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P508 Does corticosteroid therapy affect prognosis in inflammatory bowel disease patients hospitalised with Clostridium difficile infection?

H. Bar Yoseph1,2, H. Daoud3, D. Ben Hur1, Y. Chowers1,2, M. Waterman*1,2

1Rambam Health Care Campus, Institute of Gastroenterology, Haifa, Israel, 2The Technion- Israel Institute of Technology, B. Rappaport Faculty of Medicine, Haifa, Israel, 3Rambam Health Care Campus, Department of Internal Medicine H, Haifa, Israel


Clostridium difficile infection (CDI) is a common infection among inflammatory bowel disease (IBD) patients admitted to the hospital and is associated with morbidity and mortality. While CDI therapy is mostly antimicrobial, acute IBD flares are often treated with corticosteroids (CS). Due to their immunosuppresive effect, CS therapy raises concern of worsening CDI outcomes. We aimed to assess the impact of CS therapy on outcomes of IBD patients hospitalised for flare-up and diagnosed with CDI.


A retrospective single tertiary care centre cohort study of IBD patients admitted with first-time CDI between 2002 and 2018. Comparisons were made based on CS exposure during 48 h after admission. Patients with incomplete medical records on the index admission and non-definite diagnosis of IBD or CDI were excluded. The primary outcomes of the study were all-cause mortality or colectomy within 3 months. Other outcomes were diarrhoea improvement, length of stay, need for readmission, associated bacteraemia and 1 year colectomy and mortality rates. Cox proportional hazard model was used to assess the effects of CS use on survival by IBD subtype. Kaplan–Meier curves were used to estimate survival across time. Logistic regression was used to assess the effects of steroid use on the probability for adverse outcomes within 3 months. Univariate analysis with chi-square, Fisher or t-test and multi-variate analysis using different regression models were used to assess the effect of CS use on other variables.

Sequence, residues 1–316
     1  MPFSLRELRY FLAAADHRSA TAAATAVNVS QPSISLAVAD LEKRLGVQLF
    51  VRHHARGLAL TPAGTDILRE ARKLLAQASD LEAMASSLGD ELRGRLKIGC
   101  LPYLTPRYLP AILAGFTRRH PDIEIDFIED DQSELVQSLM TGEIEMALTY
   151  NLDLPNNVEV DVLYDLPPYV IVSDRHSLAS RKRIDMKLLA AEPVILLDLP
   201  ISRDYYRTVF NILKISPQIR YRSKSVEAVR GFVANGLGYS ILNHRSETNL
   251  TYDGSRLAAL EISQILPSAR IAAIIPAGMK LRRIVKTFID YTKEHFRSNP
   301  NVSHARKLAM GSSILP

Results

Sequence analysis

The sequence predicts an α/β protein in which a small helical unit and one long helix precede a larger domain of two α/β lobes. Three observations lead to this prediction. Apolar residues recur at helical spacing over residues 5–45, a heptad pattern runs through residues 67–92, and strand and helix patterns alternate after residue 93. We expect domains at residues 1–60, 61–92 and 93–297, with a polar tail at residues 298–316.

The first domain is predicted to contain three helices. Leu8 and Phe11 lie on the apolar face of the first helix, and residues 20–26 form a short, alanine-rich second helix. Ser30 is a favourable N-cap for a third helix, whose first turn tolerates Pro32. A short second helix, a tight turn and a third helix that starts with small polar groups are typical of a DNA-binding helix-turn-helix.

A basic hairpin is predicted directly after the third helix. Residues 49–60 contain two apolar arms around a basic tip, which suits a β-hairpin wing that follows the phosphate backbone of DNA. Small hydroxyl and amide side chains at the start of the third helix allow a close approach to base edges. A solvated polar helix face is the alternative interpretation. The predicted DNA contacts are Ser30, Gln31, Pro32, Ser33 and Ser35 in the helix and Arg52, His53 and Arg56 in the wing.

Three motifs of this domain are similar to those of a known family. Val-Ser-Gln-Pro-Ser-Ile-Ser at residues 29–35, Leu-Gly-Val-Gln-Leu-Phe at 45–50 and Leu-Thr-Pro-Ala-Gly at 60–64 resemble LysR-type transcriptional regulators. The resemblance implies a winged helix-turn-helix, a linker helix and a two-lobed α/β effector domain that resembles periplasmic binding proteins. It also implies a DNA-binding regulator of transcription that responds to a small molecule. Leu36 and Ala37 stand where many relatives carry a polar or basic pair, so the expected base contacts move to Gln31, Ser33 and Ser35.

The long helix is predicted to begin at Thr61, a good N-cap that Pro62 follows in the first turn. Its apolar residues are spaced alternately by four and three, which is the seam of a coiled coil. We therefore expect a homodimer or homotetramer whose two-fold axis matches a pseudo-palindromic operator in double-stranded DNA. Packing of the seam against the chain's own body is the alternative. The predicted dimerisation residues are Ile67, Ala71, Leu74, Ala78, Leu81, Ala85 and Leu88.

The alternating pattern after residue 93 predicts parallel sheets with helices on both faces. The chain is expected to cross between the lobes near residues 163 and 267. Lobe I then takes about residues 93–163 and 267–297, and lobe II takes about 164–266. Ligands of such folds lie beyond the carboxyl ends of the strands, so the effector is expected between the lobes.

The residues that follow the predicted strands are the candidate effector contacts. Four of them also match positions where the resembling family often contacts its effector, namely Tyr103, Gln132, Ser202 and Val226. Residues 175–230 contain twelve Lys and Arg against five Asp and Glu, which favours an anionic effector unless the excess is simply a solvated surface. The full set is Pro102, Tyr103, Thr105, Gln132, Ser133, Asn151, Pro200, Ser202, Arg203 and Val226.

111 patients (62 CD, 46 UC,3 IBDU) were included, 84 (75.6%)received CS. There were no significant differences in baseline IBD and CDI characteristics, demographics and medications use. At 3 months, 7 (3.6%) patients died. Four (5.4%) patients required colectomy (all exposed to CS), though CS association with colectomy was statistically insignificant (table). However, Bacteraemia and 1-year mortality rates were slightly but significantly reduced among CS exposed (figure and table). All other endpoints were not associated with CS exposure.

Table. Baseline characteristics and outcomes.

1-year colectomy and mortality-free survival.


CS exposure during the first 48 h after admission for flaring IBD patients with CDI was not associated with adverse outcomes. Albeit the largest cohort to published to date, the low rates of adverse outcomes observed still preclude deduction of definite conclusions. Larger studies are required.